Divisor topology
In mathematics, more specifically general topology, the divisor topology is an example of a topology given to the set X of positive integers that are greater than or equal to two, i.e., X = {2, 3, 4, 5, …}. The divisor topology is the poset topology for the partial order relation of divisibility on the positive integers.
To give the set X a topology means to say which subsets of X are "open", and to do so in a way that the following axioms are met:^{[1]}
- The union of open sets is an open set.
- The finite intersection of open sets is an open set.
- The set X and the empty set ∅ are open sets.
Contents
Construction
The set X and the empty set ∅ are required to be open sets, and so we define X and ∅ to be open sets in this topology. Denote by Z^{+} the set of positive integers, i.e., the set of positive whole number greater than or equal to one. Read the notation x|n as "x divides n", and consider the sets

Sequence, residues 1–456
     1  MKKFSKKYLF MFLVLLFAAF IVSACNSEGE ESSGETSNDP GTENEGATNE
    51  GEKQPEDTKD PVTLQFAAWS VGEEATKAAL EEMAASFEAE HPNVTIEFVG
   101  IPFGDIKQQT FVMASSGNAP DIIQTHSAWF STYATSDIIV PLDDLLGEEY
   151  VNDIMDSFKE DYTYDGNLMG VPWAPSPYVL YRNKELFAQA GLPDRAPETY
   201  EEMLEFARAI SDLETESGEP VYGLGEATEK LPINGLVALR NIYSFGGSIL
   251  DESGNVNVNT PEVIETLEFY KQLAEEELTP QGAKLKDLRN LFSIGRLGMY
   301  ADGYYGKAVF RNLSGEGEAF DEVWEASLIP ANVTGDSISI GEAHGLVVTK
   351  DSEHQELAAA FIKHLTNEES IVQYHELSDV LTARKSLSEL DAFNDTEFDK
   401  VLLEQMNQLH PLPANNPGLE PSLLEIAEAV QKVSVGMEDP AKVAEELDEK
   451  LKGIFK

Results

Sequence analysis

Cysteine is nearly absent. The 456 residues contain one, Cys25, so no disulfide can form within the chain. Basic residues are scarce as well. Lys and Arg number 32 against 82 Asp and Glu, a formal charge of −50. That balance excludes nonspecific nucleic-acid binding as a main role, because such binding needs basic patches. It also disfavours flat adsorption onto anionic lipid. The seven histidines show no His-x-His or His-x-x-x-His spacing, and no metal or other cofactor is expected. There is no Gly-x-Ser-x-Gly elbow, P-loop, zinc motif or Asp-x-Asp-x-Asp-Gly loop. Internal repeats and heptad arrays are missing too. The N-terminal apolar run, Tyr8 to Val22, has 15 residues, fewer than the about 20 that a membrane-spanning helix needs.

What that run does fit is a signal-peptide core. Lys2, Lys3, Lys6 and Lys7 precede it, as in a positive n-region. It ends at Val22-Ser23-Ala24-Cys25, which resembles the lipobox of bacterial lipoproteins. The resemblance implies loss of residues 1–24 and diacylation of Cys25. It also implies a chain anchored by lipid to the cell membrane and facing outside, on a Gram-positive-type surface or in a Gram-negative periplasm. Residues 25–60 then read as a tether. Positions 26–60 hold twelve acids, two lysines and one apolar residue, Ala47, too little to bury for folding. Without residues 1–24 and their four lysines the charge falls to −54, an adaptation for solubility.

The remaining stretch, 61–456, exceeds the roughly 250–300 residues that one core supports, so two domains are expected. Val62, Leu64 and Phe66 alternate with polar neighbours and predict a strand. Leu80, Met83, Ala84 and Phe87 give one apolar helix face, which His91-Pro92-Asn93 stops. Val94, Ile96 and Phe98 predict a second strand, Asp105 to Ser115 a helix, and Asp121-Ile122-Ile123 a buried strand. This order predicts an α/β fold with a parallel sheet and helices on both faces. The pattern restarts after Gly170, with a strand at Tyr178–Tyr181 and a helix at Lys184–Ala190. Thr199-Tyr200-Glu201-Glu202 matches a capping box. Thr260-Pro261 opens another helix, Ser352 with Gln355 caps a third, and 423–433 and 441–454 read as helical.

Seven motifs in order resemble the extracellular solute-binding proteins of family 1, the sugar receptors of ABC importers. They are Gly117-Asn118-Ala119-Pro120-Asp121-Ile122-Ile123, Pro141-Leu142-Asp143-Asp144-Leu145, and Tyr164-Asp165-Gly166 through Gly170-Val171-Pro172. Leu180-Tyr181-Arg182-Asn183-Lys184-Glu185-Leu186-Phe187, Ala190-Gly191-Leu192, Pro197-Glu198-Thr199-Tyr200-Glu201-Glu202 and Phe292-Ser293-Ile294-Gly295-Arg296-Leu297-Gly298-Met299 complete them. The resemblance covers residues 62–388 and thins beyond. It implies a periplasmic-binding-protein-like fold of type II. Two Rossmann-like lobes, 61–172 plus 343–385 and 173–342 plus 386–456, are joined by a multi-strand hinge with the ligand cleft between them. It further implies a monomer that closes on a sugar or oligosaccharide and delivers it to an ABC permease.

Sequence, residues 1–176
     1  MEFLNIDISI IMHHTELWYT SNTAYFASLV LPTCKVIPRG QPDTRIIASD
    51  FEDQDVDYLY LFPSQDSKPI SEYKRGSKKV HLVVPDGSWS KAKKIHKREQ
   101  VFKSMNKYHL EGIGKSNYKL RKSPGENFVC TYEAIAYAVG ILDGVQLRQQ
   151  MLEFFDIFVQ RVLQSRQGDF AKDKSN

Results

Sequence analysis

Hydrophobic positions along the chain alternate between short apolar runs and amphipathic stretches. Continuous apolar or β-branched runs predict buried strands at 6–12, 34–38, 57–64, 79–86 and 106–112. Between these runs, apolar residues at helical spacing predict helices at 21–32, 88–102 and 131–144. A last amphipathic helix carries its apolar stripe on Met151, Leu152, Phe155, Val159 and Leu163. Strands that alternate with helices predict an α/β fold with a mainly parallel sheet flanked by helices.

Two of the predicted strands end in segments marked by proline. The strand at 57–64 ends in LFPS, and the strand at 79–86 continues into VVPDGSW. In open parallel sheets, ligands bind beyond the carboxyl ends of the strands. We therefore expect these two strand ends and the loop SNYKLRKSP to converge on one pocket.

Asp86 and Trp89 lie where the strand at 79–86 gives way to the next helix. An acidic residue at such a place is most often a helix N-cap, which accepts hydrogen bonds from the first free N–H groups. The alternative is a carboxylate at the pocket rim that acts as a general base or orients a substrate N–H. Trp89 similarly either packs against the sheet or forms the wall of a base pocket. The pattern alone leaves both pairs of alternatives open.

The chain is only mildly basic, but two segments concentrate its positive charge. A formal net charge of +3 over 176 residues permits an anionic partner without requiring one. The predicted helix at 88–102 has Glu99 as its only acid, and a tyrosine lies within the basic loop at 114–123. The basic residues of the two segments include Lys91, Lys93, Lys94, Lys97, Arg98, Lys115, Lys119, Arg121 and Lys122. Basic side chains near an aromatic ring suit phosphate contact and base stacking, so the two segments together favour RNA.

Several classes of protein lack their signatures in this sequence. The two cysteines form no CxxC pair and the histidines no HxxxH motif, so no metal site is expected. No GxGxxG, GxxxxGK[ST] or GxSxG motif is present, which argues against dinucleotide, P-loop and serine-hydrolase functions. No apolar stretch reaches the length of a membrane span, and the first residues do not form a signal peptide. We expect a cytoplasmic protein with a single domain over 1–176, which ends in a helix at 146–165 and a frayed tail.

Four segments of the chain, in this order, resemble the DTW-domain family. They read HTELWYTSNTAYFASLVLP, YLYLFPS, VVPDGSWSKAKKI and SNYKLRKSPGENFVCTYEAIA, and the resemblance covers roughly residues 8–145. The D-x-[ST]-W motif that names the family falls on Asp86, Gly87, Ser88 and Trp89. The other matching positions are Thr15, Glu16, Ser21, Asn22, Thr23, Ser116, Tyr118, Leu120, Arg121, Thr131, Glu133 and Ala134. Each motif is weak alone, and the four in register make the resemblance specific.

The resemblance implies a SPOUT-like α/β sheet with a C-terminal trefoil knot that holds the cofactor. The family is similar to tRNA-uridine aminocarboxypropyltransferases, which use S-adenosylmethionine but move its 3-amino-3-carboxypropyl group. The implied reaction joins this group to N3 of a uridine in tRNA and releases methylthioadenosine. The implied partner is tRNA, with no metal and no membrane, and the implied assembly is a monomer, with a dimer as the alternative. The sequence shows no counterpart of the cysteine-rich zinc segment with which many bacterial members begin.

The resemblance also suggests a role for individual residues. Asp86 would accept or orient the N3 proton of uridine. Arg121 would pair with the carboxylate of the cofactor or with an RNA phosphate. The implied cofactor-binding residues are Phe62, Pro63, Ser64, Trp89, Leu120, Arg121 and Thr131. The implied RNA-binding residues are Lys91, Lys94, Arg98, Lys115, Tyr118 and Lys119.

Then the set S_{n} is the set of divisors of n. For different values of n, the sets S_{n} are used as a basis for the divisor topology.^{[1]}
The open sets in this topology are the lower sets for the partial order defined by x ≤ y if x | y.
Properties
- The set of prime numbers is dense in X. In fact, every dense open set must include every prime, and therefore X is a Baire space.^{[1]}
- X is a Kolmogorov space that is not T1. In particular, it is non-Hausdorff.
- X is second-countable.
- X is connected and locally connected.
- X is not compact, since the basic open sets S_{n} comprise an infinite covering with no finite subcovering. X is not locally compact.
- The closure of a point in x is the set of all multiples of x.
See also
- Zariski topology: A topology on the integers whose open sets are the complements of prime ideals.
References
- ^ ^{a} ^{b} ^{c} Steen, L. A.; Seebach, J. A. (1995), Counterexamples in Topology, Dover, ISBN 0-486-68735-X